Wednesday, 26 October 2016

My way of making Christmas Puddings

My grandmother used to make puddings for Christmas in February; I think that gave her time to add plenty of brandy!

I've a couple of craft fairs lined up for the next month or so and I thought of her when I was going through my offcuts shelf recently, for I found a piece of brown/multi colour (fairly) opaque glass that I think I used to represent stone on my image of Bingley church:

I got to thinking whether I could make up some passable Christmas Pudding suncatchers (or tree decorations). I had several offcuts of opaque white to represent sauce (or icing); after playing with a cardboard template for a while I cut out a couple of samples and edged them in copper foil.

Rather than edge the brown glass to mate with the white in a single plane, I've chosen to plate the white over the brown disc. One sample has copper edging all round; on the other I've just edged those edges I'm going to solder - the appearance of the final piece, without a solder edge between the white and brown, may be better than that with, at the possible expense of strength - I'm not sure how well the piece without the supportive soldering will hold together.

I tinned these pieces using my 80w iron (itself tinned using multicore solder - it seems to be more effective for tinning irons than normal 60/40 solder and separate flux). I use plumbers flux paste, so, after tinning, the pieces were washed thoroughly, dried lightly with a towel, and despatched to the airing cupboard to dry off thoroughly.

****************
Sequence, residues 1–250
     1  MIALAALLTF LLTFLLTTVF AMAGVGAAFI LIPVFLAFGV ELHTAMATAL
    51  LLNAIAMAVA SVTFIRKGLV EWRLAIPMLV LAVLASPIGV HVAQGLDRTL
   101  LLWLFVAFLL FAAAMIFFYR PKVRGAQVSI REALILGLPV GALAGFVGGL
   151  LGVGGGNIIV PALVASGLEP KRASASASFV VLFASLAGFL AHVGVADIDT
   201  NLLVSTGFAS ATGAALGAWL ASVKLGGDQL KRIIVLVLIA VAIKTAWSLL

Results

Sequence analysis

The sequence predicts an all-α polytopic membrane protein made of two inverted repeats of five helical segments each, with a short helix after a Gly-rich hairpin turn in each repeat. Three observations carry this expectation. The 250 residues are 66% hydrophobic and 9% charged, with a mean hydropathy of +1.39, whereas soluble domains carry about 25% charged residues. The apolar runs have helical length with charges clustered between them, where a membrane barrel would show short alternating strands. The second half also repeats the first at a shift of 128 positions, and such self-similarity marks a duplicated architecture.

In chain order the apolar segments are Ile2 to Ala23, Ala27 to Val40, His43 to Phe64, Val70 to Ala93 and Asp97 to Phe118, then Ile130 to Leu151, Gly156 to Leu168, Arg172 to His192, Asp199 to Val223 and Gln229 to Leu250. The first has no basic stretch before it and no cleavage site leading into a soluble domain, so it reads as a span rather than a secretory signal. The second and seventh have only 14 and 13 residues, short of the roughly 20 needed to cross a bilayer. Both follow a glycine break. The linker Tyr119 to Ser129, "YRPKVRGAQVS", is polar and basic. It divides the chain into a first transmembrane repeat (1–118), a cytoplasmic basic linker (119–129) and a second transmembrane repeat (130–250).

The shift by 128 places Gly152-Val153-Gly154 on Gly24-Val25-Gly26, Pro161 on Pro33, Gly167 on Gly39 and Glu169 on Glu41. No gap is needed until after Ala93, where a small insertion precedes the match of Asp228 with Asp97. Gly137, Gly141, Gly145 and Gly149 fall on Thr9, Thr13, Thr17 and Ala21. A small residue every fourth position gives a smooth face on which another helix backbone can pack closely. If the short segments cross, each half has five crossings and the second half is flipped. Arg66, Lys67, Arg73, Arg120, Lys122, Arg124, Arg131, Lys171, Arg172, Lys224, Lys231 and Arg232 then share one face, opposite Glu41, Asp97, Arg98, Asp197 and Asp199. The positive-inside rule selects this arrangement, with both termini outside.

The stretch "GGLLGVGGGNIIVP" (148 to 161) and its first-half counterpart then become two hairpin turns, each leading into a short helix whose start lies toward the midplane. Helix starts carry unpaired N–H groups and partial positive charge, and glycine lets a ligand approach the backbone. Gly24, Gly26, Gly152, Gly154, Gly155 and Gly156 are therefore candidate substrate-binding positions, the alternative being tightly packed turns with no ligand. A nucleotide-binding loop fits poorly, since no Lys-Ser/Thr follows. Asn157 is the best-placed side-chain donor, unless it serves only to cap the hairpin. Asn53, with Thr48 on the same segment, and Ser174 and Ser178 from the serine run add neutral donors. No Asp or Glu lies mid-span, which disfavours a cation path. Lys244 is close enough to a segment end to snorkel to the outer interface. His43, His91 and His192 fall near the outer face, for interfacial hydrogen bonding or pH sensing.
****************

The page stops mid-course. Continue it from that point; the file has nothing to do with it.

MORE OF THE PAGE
Note to the unwary: failing to dry off all water after washing and before the next step (more soldering) will, very quickly, teach you why you should wear safety glasses when soldering!

Once dry, I soldered the pieces together and added a 4mm diameter loop of 0.4mm silvered copper wire, bought from a craft stall at Hitchin market. I also found some plastic decorative holly, meant for cake decoration - the only challenge with that was how to fix it to the puddings.

I ended up soldering another length of 0.4mm wire beside the loop, trimmed the holly and made a hole with a hot needle, and secured the sprig to the pudding by threading the wire hrough the hile and around the berries.

The one without the bottom run of solder (left above) is as solid as the other one; so long as it isn't biffed too much, or allowed to get too wet, it should hold together fine.

I did also experiment with adhesives (epoxy resin and UHU) to secure the holly to the glass but neither stuck well to the flexible plastic holly; both puddings therefore have been decorated using the soldered-wire-through-the-hole fashion, and are ready for the punters at the craft fair in Biggleswade on November 13th, and I've enough materials to make another eight by then (not all in the brown colour though) !

Thursday, 20 October 2016

Panel with lettering

One recent commission was a present for a ruby wedding anniversary. Made mostly from red water glass, it features initials cut from glass, and the dates applied with Letraset.

I used lettering designs from a book, but found that the 'D' was wider than the 'P'; having checked with an expert on fonts and design I revised them to be have the same width.

The panel is made using copper foil, rather than lead came - this is often more suited to detailed work, but does involve a lot of soldering.

I included loops at the top corners; nylon cord was used to hang it for the photo, but the plan is to use a silver or chrome plated chain for it in the long term.

The red water glass has a rather interesting effect - note the distortion of the street lamp behind the panel in the photo!